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Satellites, Shuttles, and Space Stations

Rockets put objects like satellites and space stations into space.

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Fluids in Space

Fluids in Space

Credit: NASA
Source: http://spaceflight.nasa.gov/gallery/images/station/crew-34/html/iss034e062051.html
License: CC BY-NC 3.0

Nothing behaves normally in space. Juggled tomatoes float. Fluids don’t flow into your mouth when you tip a cup. Researchers study the behavior of different materials and then design inventions to get around these problems.

Why It Matters

Credit: NASA
Source: http://en.wikipedia.org/wiki/File:Zvezda_toilet.jpg
License: CC BY-NC 3.0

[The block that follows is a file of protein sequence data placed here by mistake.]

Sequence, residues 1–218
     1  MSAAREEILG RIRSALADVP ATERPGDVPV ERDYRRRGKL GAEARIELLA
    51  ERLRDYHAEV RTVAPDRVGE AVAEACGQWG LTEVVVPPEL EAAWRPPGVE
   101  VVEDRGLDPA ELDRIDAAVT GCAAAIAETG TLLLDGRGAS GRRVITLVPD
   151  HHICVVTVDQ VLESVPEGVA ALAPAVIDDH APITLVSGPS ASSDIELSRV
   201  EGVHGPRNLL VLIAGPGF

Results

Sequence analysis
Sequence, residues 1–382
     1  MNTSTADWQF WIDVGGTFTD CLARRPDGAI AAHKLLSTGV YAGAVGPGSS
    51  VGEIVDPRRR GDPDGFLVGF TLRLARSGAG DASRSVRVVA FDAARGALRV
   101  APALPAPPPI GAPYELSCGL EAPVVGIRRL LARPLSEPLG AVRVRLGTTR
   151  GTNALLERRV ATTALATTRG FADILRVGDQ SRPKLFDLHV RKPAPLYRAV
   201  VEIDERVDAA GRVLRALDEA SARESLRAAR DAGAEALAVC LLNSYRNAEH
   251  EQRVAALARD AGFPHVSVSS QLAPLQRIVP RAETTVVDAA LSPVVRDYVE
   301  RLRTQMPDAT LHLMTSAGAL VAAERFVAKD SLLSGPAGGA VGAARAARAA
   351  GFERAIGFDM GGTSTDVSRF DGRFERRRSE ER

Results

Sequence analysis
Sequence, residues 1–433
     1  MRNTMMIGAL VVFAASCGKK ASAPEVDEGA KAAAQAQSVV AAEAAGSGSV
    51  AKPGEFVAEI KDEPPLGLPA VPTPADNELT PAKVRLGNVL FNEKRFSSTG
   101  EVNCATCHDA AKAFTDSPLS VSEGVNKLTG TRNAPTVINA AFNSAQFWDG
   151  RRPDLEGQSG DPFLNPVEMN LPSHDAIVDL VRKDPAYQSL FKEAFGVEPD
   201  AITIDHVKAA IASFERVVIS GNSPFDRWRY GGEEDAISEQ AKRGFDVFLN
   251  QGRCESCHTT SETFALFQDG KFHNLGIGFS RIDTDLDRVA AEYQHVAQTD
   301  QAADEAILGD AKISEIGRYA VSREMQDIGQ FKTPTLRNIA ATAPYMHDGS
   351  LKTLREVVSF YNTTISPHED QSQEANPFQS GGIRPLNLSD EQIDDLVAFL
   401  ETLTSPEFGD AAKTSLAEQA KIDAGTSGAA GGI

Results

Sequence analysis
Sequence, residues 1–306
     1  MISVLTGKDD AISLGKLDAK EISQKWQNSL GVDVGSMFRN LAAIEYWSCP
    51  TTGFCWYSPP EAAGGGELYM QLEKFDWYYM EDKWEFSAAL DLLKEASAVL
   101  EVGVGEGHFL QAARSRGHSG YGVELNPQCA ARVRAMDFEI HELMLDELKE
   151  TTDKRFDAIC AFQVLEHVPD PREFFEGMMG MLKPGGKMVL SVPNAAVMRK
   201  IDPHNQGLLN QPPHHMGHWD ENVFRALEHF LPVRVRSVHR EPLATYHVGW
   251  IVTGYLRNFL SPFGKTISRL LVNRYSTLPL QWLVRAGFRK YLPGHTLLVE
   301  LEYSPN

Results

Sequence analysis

Wastes are difficult to deal with in microgravity too, as this toilet on the ISS suggests [Figure2]

  • Astronauts spend months at a time in microgravity on the International Space Station and at times in other spacecraft.
  • These astronauts need to do all the bodily functions of a human on Earth: eat, drink, and eliminate waste.
  • Without gravity, fluids do not behave normally. Capillary action causes fluids to flow in the absence of gravity.

Can You Apply It?

With the link below, learn more about fluids in microgravity. Then answer the following questions.

  1. Describe what happens to fluid in a cup as you drink it, especially in regards to gravity.
  2. How do you drink a fluid such as coffee in microgravity, according to the video?
  3. How do fluids in microgravity flow without a pump?
  4. Does capillary flow happen on Earth? Why is it not a major mover of fluids?
  5. How does the patented low gravity coffee cup work?

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